Returning to On-Campus PE and Reunited with IHT ZONE Heart Rate Monitors, Students Become More Active to Get Back to Healthy Fitness Levels
Being without access to the IHT ZONE heart rate monitors last spring motivated Odebolt Arthur-Battle Creek-Ida Grove High School (Iowa) students to work harder when they returned to on-campus physical education classes in August.
“When we were all informed we would no longer be in person (in March, 2020), it was difficult,” OABCIG PE teacher Jeff Miesner said. “I was able to have students fill out logs and do some journaling while at home.”
But that wasn’t the same experience, the teacher said, and fitness suffered.
At home on their own, students simply didn’t get as much exercise as they did when attending on-campus PE classes. Back on campus for the 2020-21 school year and using the IHT ZONE monitors, Miesner’s students quickly saw they needed to increase their physical activity.
“The students have been able to see that quite a few of them had increased resting heart rates from the lack of overall movement in their lives,” Miesner said. Resting heart rate can be an indicator of overall fitness: the lower the resting heart rate, the healthier the heart.
From the moment his district decided it would resume on-campus learning, Miesner knew he’d rely on the IHT ZONES to help get students back on track. Miesner has used his IHT ZONES more than any teacher in the country with the goal of getting them active again. Students have PE three times each week.
“Every day the students have PE, they are wearing the ZONES,” Miesner said. “We wear the ZONES for every activity.”
Students are familiar with the technology and know what’s expected of them when they put one on their wrist at the beginning of class. For many, getting to use the IHT ZONE again helped bring them a sense of normalcy in an abnormal year.
“The students want to be here and want to be active,” he said. “I’ve made sure things are set up in a way to (enforce) the social distancing while still trying to maintain as much active time as possible.”
Health and Safety as a Top Priority
School officials allowed Miesner to continue using his IHT ZONES and sharing monitors with different classes because he has always taken extra steps to make sure the monitors were properly cleaned.
“Once the district decided to return to in-person classes this fall, there was no concern about using the ZONES in class,” he said. “We’ve always taken class time to clean and sanitize the (monitors), so there weren’t a lot of changes in protocol to be made.”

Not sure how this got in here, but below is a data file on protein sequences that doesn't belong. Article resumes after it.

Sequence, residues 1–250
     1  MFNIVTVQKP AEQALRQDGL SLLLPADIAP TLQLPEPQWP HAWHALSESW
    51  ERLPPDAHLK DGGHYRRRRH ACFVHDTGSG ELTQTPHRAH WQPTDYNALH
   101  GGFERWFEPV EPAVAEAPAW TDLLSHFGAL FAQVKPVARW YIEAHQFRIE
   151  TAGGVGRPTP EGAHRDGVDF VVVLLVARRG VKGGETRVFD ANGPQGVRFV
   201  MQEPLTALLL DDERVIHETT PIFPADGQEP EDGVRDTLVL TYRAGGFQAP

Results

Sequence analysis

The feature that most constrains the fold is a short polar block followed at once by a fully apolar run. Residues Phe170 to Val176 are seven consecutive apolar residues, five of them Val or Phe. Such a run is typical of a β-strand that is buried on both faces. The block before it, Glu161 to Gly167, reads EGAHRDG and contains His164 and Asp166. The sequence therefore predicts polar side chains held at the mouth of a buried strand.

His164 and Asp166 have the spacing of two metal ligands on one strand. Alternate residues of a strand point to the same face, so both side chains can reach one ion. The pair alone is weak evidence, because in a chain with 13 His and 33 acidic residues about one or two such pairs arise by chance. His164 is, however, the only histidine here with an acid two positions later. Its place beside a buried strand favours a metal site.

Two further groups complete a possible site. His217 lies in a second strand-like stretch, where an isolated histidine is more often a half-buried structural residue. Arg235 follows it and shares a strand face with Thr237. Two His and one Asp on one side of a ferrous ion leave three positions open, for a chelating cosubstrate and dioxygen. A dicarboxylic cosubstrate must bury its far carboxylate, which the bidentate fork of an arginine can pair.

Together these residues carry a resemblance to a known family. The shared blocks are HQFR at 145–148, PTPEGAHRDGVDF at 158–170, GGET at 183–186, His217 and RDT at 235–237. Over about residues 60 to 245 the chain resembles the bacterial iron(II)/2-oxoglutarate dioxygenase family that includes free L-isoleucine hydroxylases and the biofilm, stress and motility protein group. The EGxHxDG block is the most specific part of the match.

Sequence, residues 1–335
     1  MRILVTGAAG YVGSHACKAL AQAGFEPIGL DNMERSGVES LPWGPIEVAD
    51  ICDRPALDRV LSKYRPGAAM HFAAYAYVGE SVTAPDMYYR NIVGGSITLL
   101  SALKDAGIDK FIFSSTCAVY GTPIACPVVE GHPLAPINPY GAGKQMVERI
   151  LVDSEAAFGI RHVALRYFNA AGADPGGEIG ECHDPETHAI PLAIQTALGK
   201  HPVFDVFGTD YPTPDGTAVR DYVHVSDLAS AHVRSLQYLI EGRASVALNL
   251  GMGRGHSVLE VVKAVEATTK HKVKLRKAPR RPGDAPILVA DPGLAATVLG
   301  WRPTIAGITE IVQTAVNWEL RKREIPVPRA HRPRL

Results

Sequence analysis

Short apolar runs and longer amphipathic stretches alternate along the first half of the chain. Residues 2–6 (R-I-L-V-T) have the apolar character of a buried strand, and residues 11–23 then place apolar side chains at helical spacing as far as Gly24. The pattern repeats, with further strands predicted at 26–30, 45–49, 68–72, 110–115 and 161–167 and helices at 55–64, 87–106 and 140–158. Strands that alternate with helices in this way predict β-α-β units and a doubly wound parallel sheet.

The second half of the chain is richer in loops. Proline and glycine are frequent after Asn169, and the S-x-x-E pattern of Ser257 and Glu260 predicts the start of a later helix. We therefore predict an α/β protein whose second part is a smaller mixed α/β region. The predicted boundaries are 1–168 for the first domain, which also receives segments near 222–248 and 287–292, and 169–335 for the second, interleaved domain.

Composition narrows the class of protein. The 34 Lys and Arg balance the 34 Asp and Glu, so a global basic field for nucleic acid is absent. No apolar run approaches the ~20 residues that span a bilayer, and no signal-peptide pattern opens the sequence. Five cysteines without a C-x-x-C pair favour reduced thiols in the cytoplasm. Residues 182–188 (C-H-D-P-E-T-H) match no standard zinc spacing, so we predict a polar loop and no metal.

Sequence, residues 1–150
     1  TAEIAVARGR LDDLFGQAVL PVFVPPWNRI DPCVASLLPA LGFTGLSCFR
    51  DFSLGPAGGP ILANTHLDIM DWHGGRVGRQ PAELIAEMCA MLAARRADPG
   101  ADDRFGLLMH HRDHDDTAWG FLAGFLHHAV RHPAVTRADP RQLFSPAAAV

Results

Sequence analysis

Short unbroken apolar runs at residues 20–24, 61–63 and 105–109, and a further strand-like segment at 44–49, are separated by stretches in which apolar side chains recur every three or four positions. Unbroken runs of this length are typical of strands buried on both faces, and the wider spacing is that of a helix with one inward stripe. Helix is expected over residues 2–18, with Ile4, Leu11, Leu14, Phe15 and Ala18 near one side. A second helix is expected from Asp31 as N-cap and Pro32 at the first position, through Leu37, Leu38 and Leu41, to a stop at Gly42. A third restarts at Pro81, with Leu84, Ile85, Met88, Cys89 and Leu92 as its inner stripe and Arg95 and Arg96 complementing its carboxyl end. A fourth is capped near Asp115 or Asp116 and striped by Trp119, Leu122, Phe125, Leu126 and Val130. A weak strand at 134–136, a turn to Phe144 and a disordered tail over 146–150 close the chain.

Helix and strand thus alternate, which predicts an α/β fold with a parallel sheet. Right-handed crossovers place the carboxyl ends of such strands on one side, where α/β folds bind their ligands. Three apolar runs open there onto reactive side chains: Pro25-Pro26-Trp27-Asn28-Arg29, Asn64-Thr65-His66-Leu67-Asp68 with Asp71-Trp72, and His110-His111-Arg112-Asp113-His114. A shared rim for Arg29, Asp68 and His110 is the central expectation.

Miesner’s students pick up and return their monitors at one of two computers, which also helps students adhere to the social distancing required by COVID protocols.
“This allows me to keep students farther apart at (pickup and return) times,” he said.
If COVID wasn’t enough of a disruption, the school is in the process of adding on to its building. While active construction can be chaotic, Miesner said it’s been just one more thing to accept and deal with.
“We’ve had to make adjustments to our curriculum for all of that, so using the ZONES and adjusting for COVID have been easy,” he said. “Some of our activities keep us in the gym and some allow us to go outside.”
Pushing Students to Stay Active and Informed
As the weather improves, Miesner’s students will spend more time outside. Along with the fresh air and more room to exercise in their own space, students have mixed more active games in with their fitness activities. Classes now include, among other activities and games:
- DrumFit, a cardio drumming activity set to music;
- badminton; and
- disc golf
The combination of fitness activities and games has kept students engaged and working in different heart rate zones.
“There are always students who don’t feel comfortable or confident in some of the activities,” he said. “Having the ZONES allows for all the students to change their mindset and focus on their personal health and wellbeing.”
Miesner echoed what other teachers who use the IHT ZONE have seen: the heart rate monitor allows students to focus on themselves and work individually to achieve goals and to receive objective feedback based on their specific physiology.
“There is still motivation for the students,” he said. “They enjoy getting to see what their heart rates are doing during a workout. The use of the ZONE is a great tool for the students to monitor what their body feels like when they reach different heart rate ranges.”
While students receive real-time heart rate feedback during class, Miesner continues to rely on the post-session emails to reinforce daily lessons and keep parents informed about their student’s progress.
“The best part about using the ZONES is the communication with the parents that it allows,” he said. “The emails with the daily workout sessions are great for letting the students and the parents know what is going on in class.”
The session reports confirm what the students are noticing during class – and with their overall fitness as the year has progressed.
“Throughout the school year I have had students mention to me that their resting heart rate has decreased,” he said. “ I did initially see that it was easier for students to get into their heart rate zones, but as the year has progressed I’ve seen fitness levels increase.”